38. If you want to paint your house, do it yourself, you will save big bucks, practice makes perfect.
  39. Buy a large container of popcorn and pop it your self, usually, it’s cheaper than microwave popcorn.
  40. Check out the FREE museums in your city or where you travel.
  41. Check out movies at your local library.
  42. Check out books from the library instead of purchasing a book.
  43. Turn off the TV and read a book, you will save on your power bill.
  44. Make homemade gifts rather purchasing gifts.
  45. Cut your gift list dollar amount, less is better. I promise, kids need our time over expensive gifts.
  46. Sell whatever you have in your home that no longer gives you joy or happiness, we don’t need stuff.
  47. Invite your friends over to play games or cards.
  48. Turn off all the lights in your home as you leave a room (I’m a crazy maniac over this).
  49. Install a programmable thermostat, lower the temperature when you need to, and raise it to save money when it needs to be raised (program the temps and times).
  50. Go walking or ride a bike over joining a monthly gym with a maintenance fee.
  51. Use cleaners of choice to clean your remotes and light switches to cut down on viruses and sickness.
  52. Buy low energy use appliances when you have to replace high-end appliances, check for power rebates when applicable.
  53. Keep your return air vents vacuumed and clean (it will save you on power bills). Shut vents in rooms not used.
  54. Vacuum safely around your freezers and refrigerators to keep the coils dust free.
  55. Keep your bathrooms clean and wash your hands a lot to cut down on sickness in your home.
  56. Check your car air filter, change it out as often as needed. It can save money based on better gas mileage.
  57. Stay out of the outlets or shopping malls unless you absolutely need something new to wear.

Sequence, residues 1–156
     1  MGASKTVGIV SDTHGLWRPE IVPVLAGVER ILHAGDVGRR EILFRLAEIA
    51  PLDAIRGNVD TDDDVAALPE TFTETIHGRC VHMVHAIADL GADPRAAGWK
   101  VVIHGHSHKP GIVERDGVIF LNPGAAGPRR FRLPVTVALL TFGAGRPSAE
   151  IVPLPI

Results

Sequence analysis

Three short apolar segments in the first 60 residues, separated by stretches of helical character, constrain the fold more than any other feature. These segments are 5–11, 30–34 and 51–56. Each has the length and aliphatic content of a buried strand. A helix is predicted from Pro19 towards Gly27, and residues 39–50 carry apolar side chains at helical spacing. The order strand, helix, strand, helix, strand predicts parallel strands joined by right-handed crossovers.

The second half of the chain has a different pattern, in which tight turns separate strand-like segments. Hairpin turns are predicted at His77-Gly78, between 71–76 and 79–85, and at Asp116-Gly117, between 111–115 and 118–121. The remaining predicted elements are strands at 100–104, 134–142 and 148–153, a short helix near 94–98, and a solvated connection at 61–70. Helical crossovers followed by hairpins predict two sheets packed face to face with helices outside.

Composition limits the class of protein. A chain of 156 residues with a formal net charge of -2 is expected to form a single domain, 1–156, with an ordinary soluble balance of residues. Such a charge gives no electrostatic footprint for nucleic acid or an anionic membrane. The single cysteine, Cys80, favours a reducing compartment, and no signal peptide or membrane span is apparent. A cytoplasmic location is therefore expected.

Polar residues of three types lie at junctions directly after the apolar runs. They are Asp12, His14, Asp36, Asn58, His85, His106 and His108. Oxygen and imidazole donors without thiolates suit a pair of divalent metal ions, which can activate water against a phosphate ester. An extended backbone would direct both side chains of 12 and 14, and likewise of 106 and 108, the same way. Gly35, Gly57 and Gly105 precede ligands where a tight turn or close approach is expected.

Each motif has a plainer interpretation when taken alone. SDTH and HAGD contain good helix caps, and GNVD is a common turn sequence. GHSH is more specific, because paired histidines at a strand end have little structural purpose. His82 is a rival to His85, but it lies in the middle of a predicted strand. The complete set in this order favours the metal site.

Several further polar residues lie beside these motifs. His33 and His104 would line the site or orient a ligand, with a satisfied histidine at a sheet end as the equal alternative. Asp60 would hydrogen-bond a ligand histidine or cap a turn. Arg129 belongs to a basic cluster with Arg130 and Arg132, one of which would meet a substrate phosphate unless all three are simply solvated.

58. Cut down your birthday giving list.
  59. Cut down the dollars you spend on holiday gifts, especially Christmas gifts, share your time over money.
  60. Visit your local city and county FREE events.
  61. Eat less meat, unless you raise your own animals and slaughter them.
  62. Get surge protectors. Our home recently got hit by lightning. Our house shook during a really bad electrical rain storm and we lost two TV’s and some pool equipment, among a few other things, totaling about $5000.00. I kept thinking I need to replace some of our surge protectors. If we had truly gotten hit by lightning those surge protectors would not have helped. But the items that had good surge protectors were okay. I was lazy and I didn’t switch them out. Expensive mistake.
  63. Cut down on expensive vacations.
  64. Set goals where you want to be moneywise in 5 years, home, car, different city or state.
  65. Eliminate one car if possible, you will save money on property taxes and maintenance fees.
  66. Exercise, eat healthily and take care of yourself, you are worth it.
  67. Make a budget, know what is coming in and what’s going out. Stick to your budget. Consider using envelopes with cash for haircuts, groceries, and entertainment, when the envelope is empty, you wait until next month.
  68. Save 10% of what you make and live on less.
  69. If you get a raise, live on your old salary, put the raise $$$$ in a savings account.
  70. Save money and buy a used car, pay cash for it.
  71. Setup an automatic payment of your salary in a savings account, you will not miss it, watch it grow.
  72. Setup all your bills on ACH automatic payment, they will never be late as long as you keep to your budget.
  73. Lower your water heater temp to 120 degrees and put it on vacation mode if you go out of town.
  74. Keep your car maintained when needed, check tire pressure and add window wash cleaner when needed.
  75. Evaluate your car insurance, home insurance, and health insurance, compare with other companies, you will save a lot of money for the exact coverage if you shop and compare (I look at line by line).
  76. Power strips, I use these on all lamps and small appliances in our two guest rooms, when our guests leave I turn all the strips to off.
  77. Stretch your haircuts a bit longer.
  78. Live on less than you make.
  79. Live in a smaller home.
  80. Clean out your closet and sell stuff on E-Bay or your local newspaper.  Consider anything you haven’t worn or used in the past few months.
  81. Declutter and donate the items before they are outdated, it may give you a tax deduction.
  82. Look for two for one purchase coupons for golfing or for eating out (coupons rock).
  83. Invest in your local discount cards that give you two for one meals or entertainment opportunities.
  84. Record your expenses and see where you can cut a few dollars.
  85. Buy fruits and vegetables in season, you will save money and they will taste better.
  86. Cut your landline, I went to a cable line for half the price of a regular landline.
  87. Dehydrate or freeze excess fruit or vegetables you can see that you will not be able to eat them right away.
  88. Insulate your water heater and strap it to the wall in case of an earthquake.